Mathieu Testa & Pierre-Louis Vouteau
First eco-friendly social housing project in Singapore
July 2013—BROADSIGHT by
During the last decade, it has drastically evolved doubling in size from 4.2 million hectares in 2000 to 8.0 million in 2010 and is expected to reach 13 million hectares by 2020 regarding the PwC Overview of Palm Oil Industry Landscape in Indonesia.
The Cura Project Broadgate Plantations has recently been involved in a new project called Cura implying palm plantations management and development in Indonesia. Let’s find more about it.
oil is one of the world's most produced and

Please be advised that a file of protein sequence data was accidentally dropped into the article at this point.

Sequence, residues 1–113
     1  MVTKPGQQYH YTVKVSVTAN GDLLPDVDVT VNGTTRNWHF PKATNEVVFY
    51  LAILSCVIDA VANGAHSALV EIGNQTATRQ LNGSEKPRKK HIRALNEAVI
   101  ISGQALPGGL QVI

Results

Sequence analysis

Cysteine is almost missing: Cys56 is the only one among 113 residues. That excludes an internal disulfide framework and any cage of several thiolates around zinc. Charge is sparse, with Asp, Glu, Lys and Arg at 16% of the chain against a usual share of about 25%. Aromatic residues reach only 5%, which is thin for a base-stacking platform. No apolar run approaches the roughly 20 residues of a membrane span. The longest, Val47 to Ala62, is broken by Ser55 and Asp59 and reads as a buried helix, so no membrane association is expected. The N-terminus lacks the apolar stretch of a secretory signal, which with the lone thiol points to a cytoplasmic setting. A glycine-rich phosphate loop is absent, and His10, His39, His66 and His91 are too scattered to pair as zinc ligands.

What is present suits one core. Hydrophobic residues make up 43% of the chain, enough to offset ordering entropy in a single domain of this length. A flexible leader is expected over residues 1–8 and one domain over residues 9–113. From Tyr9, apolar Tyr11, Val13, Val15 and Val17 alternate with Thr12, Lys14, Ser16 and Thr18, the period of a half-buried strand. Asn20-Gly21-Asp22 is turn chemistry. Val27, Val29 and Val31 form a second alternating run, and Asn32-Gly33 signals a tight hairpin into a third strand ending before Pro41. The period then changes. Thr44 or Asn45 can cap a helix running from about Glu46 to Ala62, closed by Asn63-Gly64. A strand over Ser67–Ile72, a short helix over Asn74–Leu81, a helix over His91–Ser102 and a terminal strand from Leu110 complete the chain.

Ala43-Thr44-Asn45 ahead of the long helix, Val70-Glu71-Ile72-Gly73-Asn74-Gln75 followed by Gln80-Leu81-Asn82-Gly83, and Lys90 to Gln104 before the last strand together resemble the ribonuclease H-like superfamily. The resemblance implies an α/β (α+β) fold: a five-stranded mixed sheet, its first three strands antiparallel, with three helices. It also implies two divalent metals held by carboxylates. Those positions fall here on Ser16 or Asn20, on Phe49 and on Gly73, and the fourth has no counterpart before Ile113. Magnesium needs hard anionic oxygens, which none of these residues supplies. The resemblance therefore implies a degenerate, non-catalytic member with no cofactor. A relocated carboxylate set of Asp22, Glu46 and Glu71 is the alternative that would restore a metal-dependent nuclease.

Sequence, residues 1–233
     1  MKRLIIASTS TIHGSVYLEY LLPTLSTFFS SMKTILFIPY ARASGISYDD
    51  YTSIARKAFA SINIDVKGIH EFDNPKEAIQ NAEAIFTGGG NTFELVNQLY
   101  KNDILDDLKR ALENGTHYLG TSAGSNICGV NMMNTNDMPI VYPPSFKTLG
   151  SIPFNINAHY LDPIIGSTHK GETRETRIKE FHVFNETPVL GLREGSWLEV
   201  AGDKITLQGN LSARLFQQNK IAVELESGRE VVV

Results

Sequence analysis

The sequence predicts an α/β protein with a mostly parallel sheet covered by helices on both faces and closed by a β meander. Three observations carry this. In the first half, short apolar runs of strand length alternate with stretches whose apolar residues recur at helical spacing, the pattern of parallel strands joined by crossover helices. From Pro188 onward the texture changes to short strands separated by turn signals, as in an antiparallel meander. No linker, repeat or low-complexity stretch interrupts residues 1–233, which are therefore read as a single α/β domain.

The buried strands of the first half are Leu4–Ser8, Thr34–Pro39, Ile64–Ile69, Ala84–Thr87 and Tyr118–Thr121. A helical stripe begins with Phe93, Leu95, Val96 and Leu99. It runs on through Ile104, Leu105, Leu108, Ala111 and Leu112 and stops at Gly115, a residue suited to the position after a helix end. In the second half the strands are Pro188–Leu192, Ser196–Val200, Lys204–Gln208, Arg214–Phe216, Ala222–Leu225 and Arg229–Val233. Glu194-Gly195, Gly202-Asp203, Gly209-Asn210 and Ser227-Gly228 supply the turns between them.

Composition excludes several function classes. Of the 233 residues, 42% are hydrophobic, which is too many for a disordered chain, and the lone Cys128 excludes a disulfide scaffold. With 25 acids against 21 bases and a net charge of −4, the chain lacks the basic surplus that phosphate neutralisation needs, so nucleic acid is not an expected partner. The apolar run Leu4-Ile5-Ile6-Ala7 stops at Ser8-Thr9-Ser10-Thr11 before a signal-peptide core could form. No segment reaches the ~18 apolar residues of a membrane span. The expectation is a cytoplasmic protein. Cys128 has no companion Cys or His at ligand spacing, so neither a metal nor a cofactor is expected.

consumed oils. This cheap, production-efficient and highly stable oil is used in a wide variety of food, cosmetic and hygiene products, and can be used as source for bio-fuel or biodiesel. The oil process, in summary, involves the reception of fresh fruit bunches from the plantations, sterilizing and threshing of the bunches to free the palm fruit, mashing the fruit and pressing out the crude palm oil. The crude oil is then purified and dried for storage and export. With a production of 28,000,000 tons in 2012, Indonesia is the first palm oil producer followed by Malaysia and Thailand. Palm oil plantations and its processing industry represent the third largest export earner, becoming a key element for the Indonesian economy.